Adam Mickiewicz in St. Petersburg (Jennifer Moore)

On a little street off of Nevsky Prospekt in the center of St. Petersburg there is a little monument to the Polish nationalist writer, Adam Mickiewicz.  Next to the simple monument is a Polish language school named after the respected poet.  They commemorate Mickiewicz’s two-month sojourn in St. Petersburg in 1824.    Mickiewicz was born on December 24, 1798 in Zaosie in the Russian federation, then the Third Partition of the Polish-Lithuanian Commonwealth.  He died on November 26, 1855 in Constantinople.   In his poems regarding Poland and Russia, Mickiewicz focused mainly on patriotic themes and the nations’ fantastic, dynamic, and turbulent pasts.  He was the poetic leader during the Romantic and patriotic movements in

Poland and rallied the masses through his poetic pen by rallying them around nationalism.  The Russian city of St. Petersburg, its culture, and its people altered his ideas about nationalism, and the significance of his short stay there had implications for the ways in which this great poet was commemorated both in Russia and in Poland. and added to his writing style.  Firstly the background of Mickiewicz will be detailed, as well why he was exiled to St. Petersburg, what he did there, who he met, and finally how meeting those people and seeing the city affected and impacted
In 1817, Warsaw was still under Russian rule.  Many Polish people felt isolated and suffered economically, socially and psychologically.  Mickiewicz was a patriot; he loved Poland, and was disheartened by the dissolution of his Polish homeland.  He grew inspiration from his fellow suffering Poles and joined with his like-minded friend Tomasz Zan, as well as others, to form a secret society, the Philomaths (Lovers of Knowledge).  The organization initially concentrated on education and was split into two factions; mathematics/scientific and literary.  However, by 1819 the increasing suffering of the Polish people pushed some of the organizers into taking a more active role in helping Poland regain independence.  Unfortunately, for Mickiewicz such activism was banned by the Russian government and led to an investigation of secret student organizations.  A large number of activists were arrested, including Mickiewicz.  After his trial, in 1824 Mickiewicz was banished to central Russia for his pro-independence beliefs.  After Mickiewicz was exiled and went on a journey through Russia and Europe, his pro-independence works were written and circulated. his life.  Lastly, the significance of the monuments in Krakow, Warsaw, Lviv, and St. Petersburg, and the significance of their placement will be discussed.

Prison life changed the tone of Mickiewicz poems.  Before prison the keynote of his poems was disappointed love but after prison he concentrated on the suffering patriotism concerning Poland (Tarnowski).   He was then exiled in Russia where he wrote sad but extremely evocative pieces.  During his time in St. Petersburg and Russia he developed his pieces with wonderful “patriotism, inspiration, and an artistic finish” that was a step above anything else he had yet written (Tarnowski).  In 1832 Mickiewicz wrote the poem “Dziady” (“Дзяды- Forefathers”) He did not glorify St. Petersburg,  but represented it from the viewpoint of the locals in its founding years.    The Russian people did not want to move the capital to St. Petersburg, a city located on a barely inhabitable swamp.  Therefore the people thought the city was built by Satan, an inference to Peter the Great:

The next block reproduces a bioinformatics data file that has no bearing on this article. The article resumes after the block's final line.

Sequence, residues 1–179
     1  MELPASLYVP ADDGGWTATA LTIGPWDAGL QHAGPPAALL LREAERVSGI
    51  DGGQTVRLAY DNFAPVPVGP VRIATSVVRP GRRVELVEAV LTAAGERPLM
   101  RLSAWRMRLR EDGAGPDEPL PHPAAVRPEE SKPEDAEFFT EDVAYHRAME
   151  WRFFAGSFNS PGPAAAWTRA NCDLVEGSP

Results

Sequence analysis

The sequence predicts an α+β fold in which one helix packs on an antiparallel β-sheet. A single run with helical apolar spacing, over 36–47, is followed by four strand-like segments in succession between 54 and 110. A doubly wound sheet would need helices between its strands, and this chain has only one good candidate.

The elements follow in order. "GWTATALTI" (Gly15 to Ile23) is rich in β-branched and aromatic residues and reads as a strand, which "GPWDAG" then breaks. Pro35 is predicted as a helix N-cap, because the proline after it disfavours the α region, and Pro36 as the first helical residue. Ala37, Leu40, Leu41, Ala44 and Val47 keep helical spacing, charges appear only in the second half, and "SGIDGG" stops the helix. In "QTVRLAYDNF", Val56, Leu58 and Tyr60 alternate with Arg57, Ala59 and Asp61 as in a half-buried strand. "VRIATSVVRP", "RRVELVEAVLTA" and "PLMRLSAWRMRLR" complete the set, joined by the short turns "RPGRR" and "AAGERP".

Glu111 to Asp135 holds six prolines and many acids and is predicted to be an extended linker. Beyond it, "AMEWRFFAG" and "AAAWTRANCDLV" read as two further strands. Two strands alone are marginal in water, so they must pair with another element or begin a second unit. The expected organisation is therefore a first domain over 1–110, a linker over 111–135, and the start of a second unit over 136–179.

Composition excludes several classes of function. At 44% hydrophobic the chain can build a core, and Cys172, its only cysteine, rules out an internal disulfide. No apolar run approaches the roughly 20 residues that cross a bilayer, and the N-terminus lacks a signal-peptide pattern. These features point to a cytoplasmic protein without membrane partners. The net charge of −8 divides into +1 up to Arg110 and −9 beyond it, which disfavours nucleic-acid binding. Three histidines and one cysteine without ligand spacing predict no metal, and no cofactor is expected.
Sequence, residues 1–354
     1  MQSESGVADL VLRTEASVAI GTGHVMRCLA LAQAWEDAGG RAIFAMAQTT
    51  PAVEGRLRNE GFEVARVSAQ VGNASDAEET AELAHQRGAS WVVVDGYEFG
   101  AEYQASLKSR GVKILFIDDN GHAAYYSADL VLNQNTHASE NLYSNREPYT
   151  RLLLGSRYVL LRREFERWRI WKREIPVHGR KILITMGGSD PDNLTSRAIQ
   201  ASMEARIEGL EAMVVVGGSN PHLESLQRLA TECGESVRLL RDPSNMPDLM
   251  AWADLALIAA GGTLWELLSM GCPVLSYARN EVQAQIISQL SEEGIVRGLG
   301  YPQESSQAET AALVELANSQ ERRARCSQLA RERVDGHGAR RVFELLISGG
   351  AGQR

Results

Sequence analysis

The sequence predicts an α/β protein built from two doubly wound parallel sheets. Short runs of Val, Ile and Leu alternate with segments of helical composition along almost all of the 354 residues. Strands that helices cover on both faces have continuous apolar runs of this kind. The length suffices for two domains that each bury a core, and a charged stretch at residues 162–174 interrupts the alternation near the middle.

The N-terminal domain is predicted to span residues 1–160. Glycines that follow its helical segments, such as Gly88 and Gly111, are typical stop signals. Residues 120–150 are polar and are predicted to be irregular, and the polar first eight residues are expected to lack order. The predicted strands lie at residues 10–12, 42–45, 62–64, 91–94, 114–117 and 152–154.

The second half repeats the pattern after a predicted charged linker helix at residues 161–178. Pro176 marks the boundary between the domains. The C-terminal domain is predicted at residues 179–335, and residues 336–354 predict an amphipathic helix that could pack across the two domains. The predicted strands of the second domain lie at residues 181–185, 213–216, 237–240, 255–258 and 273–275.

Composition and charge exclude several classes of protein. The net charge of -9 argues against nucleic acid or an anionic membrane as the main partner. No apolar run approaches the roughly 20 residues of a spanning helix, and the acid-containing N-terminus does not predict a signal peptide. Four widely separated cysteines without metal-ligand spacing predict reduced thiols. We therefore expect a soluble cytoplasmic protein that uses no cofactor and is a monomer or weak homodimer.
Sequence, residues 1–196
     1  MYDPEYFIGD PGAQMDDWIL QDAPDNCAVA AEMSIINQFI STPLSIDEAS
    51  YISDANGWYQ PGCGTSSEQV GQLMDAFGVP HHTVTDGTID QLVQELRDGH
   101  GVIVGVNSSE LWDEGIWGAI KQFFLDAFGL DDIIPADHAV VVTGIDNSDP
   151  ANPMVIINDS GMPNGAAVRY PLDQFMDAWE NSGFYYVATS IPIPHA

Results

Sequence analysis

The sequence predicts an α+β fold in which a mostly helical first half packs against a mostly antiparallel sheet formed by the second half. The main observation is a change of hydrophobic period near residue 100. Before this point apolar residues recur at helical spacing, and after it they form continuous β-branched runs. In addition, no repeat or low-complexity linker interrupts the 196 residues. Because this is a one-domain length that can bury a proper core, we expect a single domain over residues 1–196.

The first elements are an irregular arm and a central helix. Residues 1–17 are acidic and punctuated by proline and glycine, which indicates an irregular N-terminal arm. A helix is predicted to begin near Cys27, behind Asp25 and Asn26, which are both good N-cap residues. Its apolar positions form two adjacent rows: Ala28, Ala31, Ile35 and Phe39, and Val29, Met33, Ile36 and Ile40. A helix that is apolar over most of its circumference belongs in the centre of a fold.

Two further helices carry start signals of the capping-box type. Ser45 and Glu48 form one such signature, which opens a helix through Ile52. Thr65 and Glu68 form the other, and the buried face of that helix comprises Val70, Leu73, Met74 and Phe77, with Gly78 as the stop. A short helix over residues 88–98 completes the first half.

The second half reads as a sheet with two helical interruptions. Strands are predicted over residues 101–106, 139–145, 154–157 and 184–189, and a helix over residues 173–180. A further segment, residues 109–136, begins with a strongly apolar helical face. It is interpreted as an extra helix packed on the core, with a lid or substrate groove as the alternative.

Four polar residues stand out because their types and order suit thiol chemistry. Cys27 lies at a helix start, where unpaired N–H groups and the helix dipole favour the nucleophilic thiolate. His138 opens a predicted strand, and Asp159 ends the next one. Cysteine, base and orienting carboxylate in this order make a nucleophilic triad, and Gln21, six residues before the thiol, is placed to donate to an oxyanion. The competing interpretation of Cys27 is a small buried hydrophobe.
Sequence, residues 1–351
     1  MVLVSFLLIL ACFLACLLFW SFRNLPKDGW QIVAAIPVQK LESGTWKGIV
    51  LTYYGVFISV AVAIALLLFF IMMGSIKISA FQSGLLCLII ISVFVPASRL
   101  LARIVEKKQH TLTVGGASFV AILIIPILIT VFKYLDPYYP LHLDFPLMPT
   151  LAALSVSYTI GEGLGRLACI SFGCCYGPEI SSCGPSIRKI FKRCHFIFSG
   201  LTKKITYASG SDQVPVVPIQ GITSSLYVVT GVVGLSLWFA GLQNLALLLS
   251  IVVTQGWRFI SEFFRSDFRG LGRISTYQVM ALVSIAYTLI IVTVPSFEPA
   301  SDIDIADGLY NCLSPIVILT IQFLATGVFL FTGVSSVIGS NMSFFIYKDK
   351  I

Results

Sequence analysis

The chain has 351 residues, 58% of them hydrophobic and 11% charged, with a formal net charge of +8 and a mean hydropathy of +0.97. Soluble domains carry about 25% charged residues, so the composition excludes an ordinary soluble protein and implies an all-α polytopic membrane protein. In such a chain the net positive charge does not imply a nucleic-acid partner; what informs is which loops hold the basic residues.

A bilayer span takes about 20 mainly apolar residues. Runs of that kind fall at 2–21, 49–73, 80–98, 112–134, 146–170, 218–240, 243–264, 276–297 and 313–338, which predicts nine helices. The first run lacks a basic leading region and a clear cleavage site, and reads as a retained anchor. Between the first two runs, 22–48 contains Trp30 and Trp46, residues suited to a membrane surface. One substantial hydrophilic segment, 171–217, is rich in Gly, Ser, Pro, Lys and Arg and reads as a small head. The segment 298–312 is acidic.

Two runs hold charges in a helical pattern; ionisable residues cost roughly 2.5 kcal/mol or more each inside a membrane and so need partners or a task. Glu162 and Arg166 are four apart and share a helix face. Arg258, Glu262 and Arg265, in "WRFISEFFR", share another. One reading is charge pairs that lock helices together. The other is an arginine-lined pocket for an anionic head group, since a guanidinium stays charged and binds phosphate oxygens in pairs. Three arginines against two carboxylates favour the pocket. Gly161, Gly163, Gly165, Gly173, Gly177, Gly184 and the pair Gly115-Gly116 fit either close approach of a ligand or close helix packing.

Rome created by the hand of man,

Venice created by the gods;

But everyone would agree with me,

What made PetersburgSatan.

 

Рим создан человеческой рукою,

Венеция богами создана;

Но каждый согласился бы со мною,

Что Петербург построил сатана

In spite of the obstacles and loss of life, the Russian people endured and accomplished this huge feat of building a capital city on swampland.  Peter’s “Window to the West” became a reality; Russia was now connected to the West through its port and large fleet of ships.  Russians were also introduced, often forcibly, to western ideas and technology thus improving the living conditions of the country. Even with this new connection to the west, living in St. Petersburg was still difficult especially because of the terrible floods which occurred regularly in 1724, 1824, and 1924 (Petersburg).  Mickiewicz in fact arrived in St. Petersburg two days after the Neva flooded the city in 1824.  According to Pushkin, nature seemed to resist the creation of St. Petersburg by washing it, blowing it into the sea, trying to kill all the people.  Even through these seemingly unbelievable conditions, St. Petersburg and its people survived and continued to prosper.  In this poem Mickiewicz showed what the people had to overcome to build the magnificent capital.  The poem emphasized the hatred for Peter, referred to as ‘King of the Swamp.’  It also depicts, the new capital, St. Petersburg, was not a place of the people.  Its first residents were the nobles who made up Peter’s court and government.  They were forced to move to the new capital, build grand mansions on the main canal in order to display to the country and the world the wealth and new prosperity of ‘modern’ Russia.